"Boesman & Lena" begins with a flurry of black-and-white images thatfirst show people fleeing from their shantytown community, then cut to a mudflat alongside a river somewhere in the countryside outside Cape Town, South Africa, where a ragged-looking couple, among those driven from their makeshift shelters, have taken refuge. That's how the late John Berry begins his film of Athol Fugard's 1969 play, with Danny Glover and Angela Bassett triumphing in the title roles.
Be prepared to allow yourself to get used to this film. Berry decided, wisely it turns out, not to tone down the inherent theatricality of the material. Consequently, that it is shot on location at first seems merely to accentuate the feeling that we're looking at a filmed play.
But, gradually, the power of the material and the stars takes hold, flashbacks begin to flesh out the characters' lives, and "Boesman & Lena" comes alive--achingly and passionately, for time and circumstance have truly caught up with this couple, who have come to a dead end.
The beautiful but worn Lena still has flashes of her former allure and vitality, but grinding tragedy and hardship are dimming her eyesight and confusing her mind. The strong, strapping Boesman, somewhat older than Lena, is verging on a silver-bearded, bitter old age. In time we discover that the couple's life as farmers living in a modest but pleasant home started unraveling with the death of their only child at 6 months. Their downward spiral is barely glimpsed, but their all-consuming loss has left them vulnerable to apartheid's harshest realities.
They are reduced to a life of impermanence, eking out a living collecting bottles--some of which they've clearly emptied themselves--and redeeming them for a pittance. Home is whatever they've been able to cobble together from salvage. And it's because they've been forced to pull up stakes so often that Lena, desperate to give her hard experiences some sort of coherence, struggles to retrace their steps in her mind.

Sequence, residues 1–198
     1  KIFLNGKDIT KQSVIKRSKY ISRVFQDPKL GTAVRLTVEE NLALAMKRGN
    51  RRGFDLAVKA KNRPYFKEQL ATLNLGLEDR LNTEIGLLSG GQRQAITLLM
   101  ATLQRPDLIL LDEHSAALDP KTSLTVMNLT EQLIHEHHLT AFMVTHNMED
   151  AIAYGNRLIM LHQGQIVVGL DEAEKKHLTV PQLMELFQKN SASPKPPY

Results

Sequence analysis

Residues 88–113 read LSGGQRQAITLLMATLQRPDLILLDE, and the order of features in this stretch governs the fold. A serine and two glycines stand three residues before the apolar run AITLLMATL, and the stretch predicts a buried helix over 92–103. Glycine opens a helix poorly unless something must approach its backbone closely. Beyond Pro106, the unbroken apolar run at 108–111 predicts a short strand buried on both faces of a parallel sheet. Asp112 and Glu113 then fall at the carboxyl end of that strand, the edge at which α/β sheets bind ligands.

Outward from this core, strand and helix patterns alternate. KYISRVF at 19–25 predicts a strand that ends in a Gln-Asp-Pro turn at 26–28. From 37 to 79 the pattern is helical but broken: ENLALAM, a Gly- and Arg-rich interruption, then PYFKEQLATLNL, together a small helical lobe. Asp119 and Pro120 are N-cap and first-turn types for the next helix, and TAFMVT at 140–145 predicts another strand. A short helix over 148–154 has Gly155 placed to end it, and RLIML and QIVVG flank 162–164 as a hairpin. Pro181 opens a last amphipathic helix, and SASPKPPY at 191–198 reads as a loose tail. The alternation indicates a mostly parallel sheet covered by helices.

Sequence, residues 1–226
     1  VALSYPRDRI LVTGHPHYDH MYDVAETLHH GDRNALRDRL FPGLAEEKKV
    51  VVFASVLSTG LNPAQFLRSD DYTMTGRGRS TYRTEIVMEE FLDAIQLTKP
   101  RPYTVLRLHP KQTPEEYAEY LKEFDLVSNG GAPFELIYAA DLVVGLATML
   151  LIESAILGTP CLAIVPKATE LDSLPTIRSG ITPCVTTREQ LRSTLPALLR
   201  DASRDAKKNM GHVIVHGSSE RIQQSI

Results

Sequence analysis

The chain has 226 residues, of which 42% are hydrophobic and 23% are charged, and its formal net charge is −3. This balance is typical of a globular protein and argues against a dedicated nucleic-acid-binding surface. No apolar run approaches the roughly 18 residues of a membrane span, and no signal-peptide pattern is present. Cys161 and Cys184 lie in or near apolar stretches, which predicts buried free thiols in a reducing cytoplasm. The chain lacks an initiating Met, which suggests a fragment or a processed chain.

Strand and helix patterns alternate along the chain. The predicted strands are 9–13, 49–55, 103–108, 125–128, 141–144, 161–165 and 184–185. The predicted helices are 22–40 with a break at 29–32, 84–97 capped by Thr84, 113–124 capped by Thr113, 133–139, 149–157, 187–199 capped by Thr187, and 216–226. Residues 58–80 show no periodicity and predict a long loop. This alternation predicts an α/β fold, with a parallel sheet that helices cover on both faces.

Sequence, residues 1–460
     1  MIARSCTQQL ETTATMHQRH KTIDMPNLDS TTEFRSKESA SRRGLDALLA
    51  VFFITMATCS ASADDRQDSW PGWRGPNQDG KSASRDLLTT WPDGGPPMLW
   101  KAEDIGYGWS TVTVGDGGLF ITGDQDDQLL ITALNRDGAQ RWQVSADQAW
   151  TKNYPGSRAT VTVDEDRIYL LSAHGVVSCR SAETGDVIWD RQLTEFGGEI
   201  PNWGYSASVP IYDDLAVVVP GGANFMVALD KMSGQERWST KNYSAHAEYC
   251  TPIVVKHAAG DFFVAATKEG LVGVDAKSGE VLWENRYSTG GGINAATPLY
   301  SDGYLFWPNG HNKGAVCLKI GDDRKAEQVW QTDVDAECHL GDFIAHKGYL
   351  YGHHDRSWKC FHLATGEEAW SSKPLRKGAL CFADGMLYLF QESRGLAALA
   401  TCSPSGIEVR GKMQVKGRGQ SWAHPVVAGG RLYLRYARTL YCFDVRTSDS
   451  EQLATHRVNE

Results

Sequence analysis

She's not about to get help from the sullen Boesman, who like many profoundly frustrated men through all time, takes out his rage on his wife. What is all too evident is that Boesman and Lena only have each other, but that's precisely what they need to acknowledge if they're to survive.
Out of nowhere emerges a weary, aging Xhosa tribesman (Willie Jonah), whose presence proves pivotal. That he cannot understand a word of English swiftly becomes beside the point to Lena, who's verging on hysteria.
This old man is to bear witness to all her ills, all her perplexities over the human condition and, above all, her grievances against Boesman, who is stunned that she would be willing to give up a bottle of wine simply to sit by the fire with the elderly stranger.
Lena is the showier role, and Bassett certainly catches all of the woman's mercurial mood swings: her sultriness, despair, courage, confusion and pride, drawing us into the sheer pain and injustice of her existence. Glover, in turn, shows us a man made brute, and who first must crumble before rediscovering his humanity.
Bassett and Glover rise to the challenge of these larger-than-life roles, just as you would expect. The strength of "Boesman & Lena" is that it is not merely an indictment of apartheid, but also a depiction of a marriage in which love has waned, regardless of who or what is to blame, and what must happen if there is to be even a possibility of its renewal.
In the end, the simplicity and directness of Berry's approach pay off. Berry, a survivor of the Hollywood blacklist, began his career in the theater and assumed the direction both in New York and on the road for the 1940 stage version of Richard Wright's "Native Son."
Throughout his career, Berry illuminated the lives of blacks in America and in South Africa, and directed Fugard plays in London and New York.
In a very real sense, therefore, his career came full circle with "Boesman & Lena," which he directed onstage in New York in 1970. He died in Paris last November at 82, a few days before completing post-production work on this film, the first version of which was made in 1976, with Fugard himself playing Boesman.
* Unrated. Times guidelines: language, adult themes and situations.
'Boesman & Lena'
Danny Glover: Boesman
Angela Bassett: Lena
Willie Jonah: Old Man
A Kino International release of a Pathe-Primedia Pictures production. Director John Berry. Producers Francois Ivernel and Pierre Rissient. Adapted by Berry from the play by Athol Fugard. Cinematographer Alain Choquart. Editor Claudine Bouche. Music Wally Badarou. Costumes Diana Cilliers. Production designer Max Berto. Running time: 1 hour, 28 minutes.
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